St. Mark's Episcopal Church

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Trinity Sunday 2010
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Sarah Monroe

I rise today in the power’s strength

Invoking the Trinity

Believing in threeness

Confessing the Oneness

Of creation’s Creator.

So begins one version of St. Patrick’s Breastplate. What is so important about the Trinity? Sometimes I think we are so busy trying to explain how 1+1+1=1, that we forget about the mystery of it and what it can teach us.

 

I grew up with a popular image of God. God is sovereign, all-powerful, dictating our lives… He is to be feared and obeyed like one would obey a king or monarch. He is like a medieval king, with power of life and death over his subjects. I remember being afraid of this God who was always ready to count my sins and zap me if I got too far off track.

Some of the early writers of the Eastern Church talked about God a different way, using the trinity, as three people interlocked in a great divine dance. You know when you dance, you feel like you are one with the person you are with. You move together in unison, making the same moves at the same time. You are equals, moving together to the same music, moving in relationship to each other. If we think of God like this, God is no longer a single monarch sitting on a throne, God instead exists in loving, mysterious relationship.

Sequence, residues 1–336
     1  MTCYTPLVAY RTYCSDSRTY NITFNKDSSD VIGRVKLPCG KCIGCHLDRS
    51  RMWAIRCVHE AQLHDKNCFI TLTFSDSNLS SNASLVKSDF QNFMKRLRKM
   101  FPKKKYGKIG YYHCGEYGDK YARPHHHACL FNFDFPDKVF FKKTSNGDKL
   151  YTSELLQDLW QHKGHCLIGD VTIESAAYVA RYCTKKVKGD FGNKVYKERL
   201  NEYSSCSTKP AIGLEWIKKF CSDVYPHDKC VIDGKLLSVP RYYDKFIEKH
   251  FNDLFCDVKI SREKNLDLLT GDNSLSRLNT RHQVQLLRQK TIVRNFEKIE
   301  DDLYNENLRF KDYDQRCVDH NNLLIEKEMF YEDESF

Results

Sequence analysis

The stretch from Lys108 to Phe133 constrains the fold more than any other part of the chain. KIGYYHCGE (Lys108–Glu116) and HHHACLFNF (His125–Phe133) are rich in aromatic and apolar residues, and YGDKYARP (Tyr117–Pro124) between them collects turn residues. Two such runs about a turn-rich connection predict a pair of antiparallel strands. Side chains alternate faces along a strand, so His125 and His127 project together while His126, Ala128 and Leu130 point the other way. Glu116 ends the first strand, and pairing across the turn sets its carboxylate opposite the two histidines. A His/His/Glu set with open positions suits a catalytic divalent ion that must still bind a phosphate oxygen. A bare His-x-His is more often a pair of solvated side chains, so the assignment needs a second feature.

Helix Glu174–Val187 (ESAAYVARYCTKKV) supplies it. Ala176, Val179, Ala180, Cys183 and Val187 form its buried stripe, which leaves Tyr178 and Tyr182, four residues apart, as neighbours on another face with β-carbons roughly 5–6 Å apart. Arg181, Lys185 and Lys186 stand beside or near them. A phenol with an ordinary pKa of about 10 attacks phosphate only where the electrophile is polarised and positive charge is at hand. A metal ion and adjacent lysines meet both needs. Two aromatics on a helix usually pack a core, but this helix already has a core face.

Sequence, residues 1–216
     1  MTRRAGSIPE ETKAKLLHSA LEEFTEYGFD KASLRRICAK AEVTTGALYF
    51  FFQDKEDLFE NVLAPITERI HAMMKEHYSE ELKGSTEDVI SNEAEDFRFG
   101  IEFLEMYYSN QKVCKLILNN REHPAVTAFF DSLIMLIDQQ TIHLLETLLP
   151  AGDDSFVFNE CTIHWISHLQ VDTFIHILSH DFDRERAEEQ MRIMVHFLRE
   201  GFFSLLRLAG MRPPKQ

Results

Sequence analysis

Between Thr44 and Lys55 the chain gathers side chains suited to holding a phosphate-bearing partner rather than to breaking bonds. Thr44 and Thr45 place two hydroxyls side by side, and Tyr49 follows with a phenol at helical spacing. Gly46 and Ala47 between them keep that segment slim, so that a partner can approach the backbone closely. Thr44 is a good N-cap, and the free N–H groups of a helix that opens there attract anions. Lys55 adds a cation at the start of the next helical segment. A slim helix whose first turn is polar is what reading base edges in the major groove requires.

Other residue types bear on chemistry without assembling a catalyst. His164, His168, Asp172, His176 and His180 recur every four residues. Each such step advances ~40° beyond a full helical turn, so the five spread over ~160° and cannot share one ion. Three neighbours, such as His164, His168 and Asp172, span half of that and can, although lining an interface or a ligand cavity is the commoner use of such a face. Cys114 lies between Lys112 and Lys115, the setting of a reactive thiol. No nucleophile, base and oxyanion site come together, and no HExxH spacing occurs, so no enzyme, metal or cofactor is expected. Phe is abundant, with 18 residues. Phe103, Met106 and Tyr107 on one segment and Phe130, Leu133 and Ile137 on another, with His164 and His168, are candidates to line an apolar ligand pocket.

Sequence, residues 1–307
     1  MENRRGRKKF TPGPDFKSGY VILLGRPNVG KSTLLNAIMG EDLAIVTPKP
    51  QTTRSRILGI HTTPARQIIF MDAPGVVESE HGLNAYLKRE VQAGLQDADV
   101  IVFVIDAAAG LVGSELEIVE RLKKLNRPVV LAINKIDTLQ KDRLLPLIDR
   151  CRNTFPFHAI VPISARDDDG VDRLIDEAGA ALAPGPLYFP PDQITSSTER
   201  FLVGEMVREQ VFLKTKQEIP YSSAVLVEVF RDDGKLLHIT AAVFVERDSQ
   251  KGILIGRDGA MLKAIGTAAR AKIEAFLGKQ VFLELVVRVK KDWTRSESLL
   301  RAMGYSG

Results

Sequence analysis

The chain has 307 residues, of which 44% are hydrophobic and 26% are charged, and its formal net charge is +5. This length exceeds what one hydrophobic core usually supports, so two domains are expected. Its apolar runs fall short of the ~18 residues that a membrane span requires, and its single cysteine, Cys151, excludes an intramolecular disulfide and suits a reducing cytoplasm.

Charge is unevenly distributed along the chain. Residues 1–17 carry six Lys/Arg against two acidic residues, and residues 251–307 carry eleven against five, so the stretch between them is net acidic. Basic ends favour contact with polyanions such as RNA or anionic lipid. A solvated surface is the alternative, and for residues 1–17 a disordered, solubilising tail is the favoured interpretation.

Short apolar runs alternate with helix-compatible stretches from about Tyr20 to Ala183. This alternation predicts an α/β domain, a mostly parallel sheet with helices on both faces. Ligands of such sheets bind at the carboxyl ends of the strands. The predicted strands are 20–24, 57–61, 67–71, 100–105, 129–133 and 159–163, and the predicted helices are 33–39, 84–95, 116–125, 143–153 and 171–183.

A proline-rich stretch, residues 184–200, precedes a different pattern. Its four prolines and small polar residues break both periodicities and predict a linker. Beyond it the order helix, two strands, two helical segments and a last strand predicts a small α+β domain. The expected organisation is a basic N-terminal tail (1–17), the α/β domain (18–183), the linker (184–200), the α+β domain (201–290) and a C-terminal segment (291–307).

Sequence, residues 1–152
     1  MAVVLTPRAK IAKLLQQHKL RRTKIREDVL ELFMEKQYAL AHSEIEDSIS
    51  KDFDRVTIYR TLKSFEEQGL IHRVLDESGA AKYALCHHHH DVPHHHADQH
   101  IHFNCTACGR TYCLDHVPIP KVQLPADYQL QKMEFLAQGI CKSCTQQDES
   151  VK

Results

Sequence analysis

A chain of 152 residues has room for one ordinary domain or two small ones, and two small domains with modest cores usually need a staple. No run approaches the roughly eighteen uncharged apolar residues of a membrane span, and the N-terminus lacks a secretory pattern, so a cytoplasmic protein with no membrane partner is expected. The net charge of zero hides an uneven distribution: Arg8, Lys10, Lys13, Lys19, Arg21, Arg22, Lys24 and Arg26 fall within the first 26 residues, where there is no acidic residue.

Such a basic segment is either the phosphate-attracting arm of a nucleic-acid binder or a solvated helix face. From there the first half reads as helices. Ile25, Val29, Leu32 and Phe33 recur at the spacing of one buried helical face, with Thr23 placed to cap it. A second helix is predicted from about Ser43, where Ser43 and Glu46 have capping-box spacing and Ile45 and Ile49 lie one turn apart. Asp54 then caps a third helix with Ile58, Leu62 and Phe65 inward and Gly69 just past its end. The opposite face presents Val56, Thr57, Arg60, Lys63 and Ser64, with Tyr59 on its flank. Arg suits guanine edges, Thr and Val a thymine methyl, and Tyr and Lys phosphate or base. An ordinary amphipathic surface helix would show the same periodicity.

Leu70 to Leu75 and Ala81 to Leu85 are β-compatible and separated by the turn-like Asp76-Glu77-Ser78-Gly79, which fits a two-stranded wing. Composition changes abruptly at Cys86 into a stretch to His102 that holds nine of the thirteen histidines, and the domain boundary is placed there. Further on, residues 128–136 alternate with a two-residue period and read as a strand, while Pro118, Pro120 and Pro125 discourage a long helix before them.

In our gospel reading, Jesus sits with his disciples, giving his farewell message.  He explains his relationship with the father and the spirit and tells them that this relationship is the basis of his love for his friends. It is one grand dance, if you will. Jesus talks about the dance between the father, son and spirit, between the creator, redeemer and sustainer. He is in the father. The father is in him. The spirit is in all. They are all moving together in perfect harmony.

But this relationship between father, son and spirit is not an exclusive one. Jesus invites his disciples—he invites us—into this relationship, into this dance. He says that the spirit is coming to comfort and to teach, to invite us all into this eternal relationship.  We celebrated that last Sunday at Pentecost, when the Spirit did indeed come as a might wind to invite a city, to invite a world to relationship with God.